St. Catharines’ proposed budget changes include scrapping mayor’s move to axe forestry service & possible zero percent increase; Niagara Falls eyes 6.2% increase for 2024  
Photo Illustration by Joel Wittnebel/The Pointer

St. Catharines’ proposed budget changes include scrapping mayor’s move to axe forestry service & possible zero percent increase; Niagara Falls eyes 6.2% increase for 2024  

Niagara Democracy Watch is The Pointer’s weekly feature aimed at increasing the public’s awareness and political involvement in the Niagara Region by highlighting key agenda items, motions and decisions. 


Council (Budget) Meeting

Date: January 22 - 6:00 p.m. | Delegate | Full Agenda | Watch live 


Budget Standing Committee Chair Presents Amendments to get the St. Catharines Operating Budget to Zero


After a January 10 meeting that saw Council Chambers filled to capacity, a crowded overflow room and ten delegations, St. Catharines City Council begins the formal amendment process of Mayor Mat Siscoe’s budget on Monday night.

With the Province introducing legislation imparting “strong mayor powers” to the heads of council of various larger sized Ontario municipalities, one of the results has been the requirement for the mayor to propose a budget for the municipality, an exercise traditionally undertaken by the financial bureaucracy within the municipal corporation. 

In November, City of St. Catharines Finance staff presented a budget “to support and inform the Mayor’s budget” that proposed a 3.67 percent increase to the City’s 2024 operating budget. When the Mayor’s budget was released with its posting on the City’s website on January 3, it did not differ substantially from what had been presented by staff.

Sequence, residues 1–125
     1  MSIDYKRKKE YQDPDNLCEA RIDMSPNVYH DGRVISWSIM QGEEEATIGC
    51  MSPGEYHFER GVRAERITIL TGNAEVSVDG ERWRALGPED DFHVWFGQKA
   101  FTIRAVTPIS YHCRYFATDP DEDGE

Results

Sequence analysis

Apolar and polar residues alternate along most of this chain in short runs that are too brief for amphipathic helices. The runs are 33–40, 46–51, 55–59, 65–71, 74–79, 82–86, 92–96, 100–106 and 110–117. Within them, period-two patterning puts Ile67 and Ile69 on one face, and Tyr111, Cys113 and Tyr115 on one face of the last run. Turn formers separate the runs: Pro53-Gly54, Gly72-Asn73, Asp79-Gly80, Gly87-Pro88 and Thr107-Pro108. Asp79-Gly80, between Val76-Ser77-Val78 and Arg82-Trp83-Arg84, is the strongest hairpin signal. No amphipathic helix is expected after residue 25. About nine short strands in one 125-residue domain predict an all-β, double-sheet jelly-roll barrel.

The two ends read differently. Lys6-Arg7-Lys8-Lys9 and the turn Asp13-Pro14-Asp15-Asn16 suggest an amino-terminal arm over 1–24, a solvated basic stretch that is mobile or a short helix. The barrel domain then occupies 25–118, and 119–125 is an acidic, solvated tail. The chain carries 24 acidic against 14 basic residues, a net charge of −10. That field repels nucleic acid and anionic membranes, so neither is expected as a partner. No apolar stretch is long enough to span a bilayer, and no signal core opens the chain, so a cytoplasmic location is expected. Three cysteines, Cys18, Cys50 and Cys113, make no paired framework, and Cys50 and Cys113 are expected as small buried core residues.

The most striking difference in Mayor Siscoe’s budget, however, was the elimination of the forestry section of the City’s Municipal Works department, with the services to be contracted out. The removal of forestry in-house would realize $465,000 in projected savings to the 2024 operating budget, with savings expected to rise to approximately $700,000 annually in the subsequent two years.  

The purported forestry savings, which were disputed by a number of delegates on January 10th, along with some other budget mitigation measures introduced in the Mayor’s budget, would bring down the increase to the City’s 2024 operating levy to 1.49 percent or $25.47 to the median household.  

All of the speakers that addressed the contracting out of the forestry services at the January 10th meeting were opposed to the proposal. Later in the meeting, when Mayor Siscoe had an opportunity to defend his budget he pointed out that 60 percent of tree cutting is already being contracted out and that all stumping and tree planting is done by outside forces. The Mayor characterized the contracting out as “not a cut in service but a reduction in cost and a change in philosophy.”

The tenure of the meeting indicated Council support for retaining the forestry services in-house and possibly even enhancing the services, however, under the new “strong mayor powers” municipal councils can no longer approve a budget at the meeting when it is presented.